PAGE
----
He went to the emergency room at Halifax Health Center in Daytona shortly after the team returned May 20 and was treated for cellulitis, a common skin infection. His family doctor prescribed a medicine called bactrim and that’s when his severe problems started.

By May 31, he returned to the hospital with a rash he says felt like the worst sunburn of his life. Doctors temporarily took him off bactrim to try a new round of medicine. It seemed to work and they put him back on his original medication, unaware that he was allergic to it.

Day by day, his condition deteriorated. The rash returned with a vengeance, covering his entire body. He experienced flu-like symptoms and his skin started to blister and shed.

“It almost felt like the flu, but [also] being put in the oven,” Beverlin said.

His illness reached its apex on June 5 when he laid on his couch unable to move. A neighbor, who was checking in on him while his wife, Heather, was at work, took him back to the emergency room.

Doctors finally discovered what was wrong — toxic epidermal necrolysis. The medicine was poisoning his body.

Roughly one in 1.4 million people a year are treated for toxic epidermal necrolysis, making it difficult to get an early diagnosis. Typically, patients who can contract the disease can lose up to 30 percent of their skin and there is a 30 to 40 percent mortality rate. Beverlin was losing all of his skin and doctors were unable to treat him in Daytona.

“There’s a number of medications that have been tried with TENs and Stevens Johnson Syndrome,” said Dr. Winston Richards, a clinical assistant professor of surgery at the University of Florida. “But as a whole, I don’t think the medical field has enough patients or experience, say in a randomized or controlled trial setting, to determine if they work any better than an offending medication and topically treating the wounds and keeping them clean.”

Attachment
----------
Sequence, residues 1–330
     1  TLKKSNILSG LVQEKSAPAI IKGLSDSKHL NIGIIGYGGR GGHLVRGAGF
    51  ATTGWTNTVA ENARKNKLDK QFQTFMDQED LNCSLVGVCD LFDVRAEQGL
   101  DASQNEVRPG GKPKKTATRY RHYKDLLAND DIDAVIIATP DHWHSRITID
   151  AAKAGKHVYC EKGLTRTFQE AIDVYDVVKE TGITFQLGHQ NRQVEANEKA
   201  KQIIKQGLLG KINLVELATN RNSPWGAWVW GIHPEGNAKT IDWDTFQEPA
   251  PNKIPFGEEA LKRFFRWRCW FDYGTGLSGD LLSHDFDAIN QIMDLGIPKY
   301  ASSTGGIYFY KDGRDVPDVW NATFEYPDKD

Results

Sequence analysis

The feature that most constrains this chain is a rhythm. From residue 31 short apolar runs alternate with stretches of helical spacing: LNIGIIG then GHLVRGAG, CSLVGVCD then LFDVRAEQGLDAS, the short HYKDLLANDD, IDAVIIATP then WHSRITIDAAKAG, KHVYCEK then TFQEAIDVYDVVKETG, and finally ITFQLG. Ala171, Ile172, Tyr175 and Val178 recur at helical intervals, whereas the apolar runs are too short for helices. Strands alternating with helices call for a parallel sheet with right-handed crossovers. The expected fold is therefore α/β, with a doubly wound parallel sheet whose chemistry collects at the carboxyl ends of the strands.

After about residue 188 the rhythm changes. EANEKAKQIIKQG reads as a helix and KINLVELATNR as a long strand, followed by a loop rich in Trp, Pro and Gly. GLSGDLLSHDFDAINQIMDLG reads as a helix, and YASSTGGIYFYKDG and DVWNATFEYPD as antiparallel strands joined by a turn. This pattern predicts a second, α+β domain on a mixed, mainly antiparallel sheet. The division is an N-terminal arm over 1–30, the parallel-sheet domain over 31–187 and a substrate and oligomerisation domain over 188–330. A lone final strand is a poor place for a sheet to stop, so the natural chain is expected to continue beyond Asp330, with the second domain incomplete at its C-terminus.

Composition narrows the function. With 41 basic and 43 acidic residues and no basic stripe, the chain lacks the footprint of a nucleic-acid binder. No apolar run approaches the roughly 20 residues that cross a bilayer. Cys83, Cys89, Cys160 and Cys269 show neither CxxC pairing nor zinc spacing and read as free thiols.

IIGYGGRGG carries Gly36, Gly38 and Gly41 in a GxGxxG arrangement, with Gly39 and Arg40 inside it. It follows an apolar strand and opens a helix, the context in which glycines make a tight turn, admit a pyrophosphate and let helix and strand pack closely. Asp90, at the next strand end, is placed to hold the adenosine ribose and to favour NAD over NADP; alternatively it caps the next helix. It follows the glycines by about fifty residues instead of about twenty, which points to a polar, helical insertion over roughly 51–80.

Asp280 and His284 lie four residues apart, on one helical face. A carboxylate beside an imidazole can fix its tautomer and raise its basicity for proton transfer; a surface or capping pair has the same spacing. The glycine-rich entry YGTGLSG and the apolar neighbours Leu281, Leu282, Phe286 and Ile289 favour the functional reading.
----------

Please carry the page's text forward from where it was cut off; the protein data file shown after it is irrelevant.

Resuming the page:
Family friends watched Beverlin’s two sons — Cole, 14, and Lucas, 9, — as his wife got devastating news from an emergency room nurse.

“She said you need to bring the boys up to say goodbye,” Beverlin’s wife said, her voice cracking. “It was tough.”

Read on: http://www.orlandosentinel.com/sports/os-bethune-cookman-baseball-shannon-owens-20140211,0,6561692.column?page=1

(Baseball) Wildcats earn victory over #16 Arizona State

SONY DSCWhat a difference a year makes

In Jason Beverlin’s first year as skipper of Bethune-Cookman’s baseball team, the Wildcats looked overmatched when squaring off against Top 25 programs.  Such was not the case this past weekend when the Wildcats faced off against the 16th ranked Arizona State Sun Devils in Tempe, Arizona. 

Junior Righthander Montana Durapau gave the Wildcats a strong outing in Friday’s Opening Night contest.  Durapau yielded just three earned runs while striking out five in seven innings of work.  The Cats were 1 out away from winning Game One (and the series) but surrendered an unearned run in the bottom of the 9th that forced the contest into extra innings. 

The Sun Devils eventually prevailed 5-4 in the 11th inning.

The second game of the series saw the Wildcat bats heat up early but simmer down late.  ASU pulled away for a comfortable 15-7 win in Game 2. 

BCU (1-2) secured its first win of the 2013 campaign in the weekend cap upsetting the Sun Devils 7-6.  2011 MEAC Pitcher of the Year, Scott Garner (1-0) earned the victory going 6 1/3rd, striking out six Sun Devils batters, walking one, while allowing five earned runs.

Senior closer Jordan Dailey entered the contest with 2 outs in the bottom of the 7th.  Dailey held ASU scoreless over the final 2.1 innings preserving the victory and earning his first save of the year in the process.

The Biocic brother’s Chris and P.J. scored a pair of runs each in the victory.

Sunday’s win was the Wildcats’ first victory over a Top 25 program since defeating Auburn in 2011.

Beverlin’s squad will look to carry the momentum of Sunday’s victory into Tuesday’s home-opener against the University of North Florida at Jackie Robinson ballpark.  First pitch is scheduled for 6:00 p.m.

Congratulations to Coach Beverlin

New baseball skipper, Jason Beverlin

Congratulations to BCU’s new baseball Coach Jason Beverlin for securing the first win of his head coaching career on Friday night .  The Wildcats scored 7 runs in the top of the 7th inning and held on for an 8-6 victory over Florida Gulf Coast University in Ft Myers.

Sophomore Scott Gardner received the opening day nod on the mound.  The 6′ 2″ right hander struck out 6 of the 19 batters he faced and yielded 4 hits and 2 earned runs in 4 innings of work.  Corner outfielders David Lee and Josh Johnson led the Wildcats’ offensive charge.  Both Lee and Johnson went 2-for-5 with 2 RBIs apiece.

The teams play the second of their three game set tomorrow at 2:00 P.M.  You can follow the action live at the link below.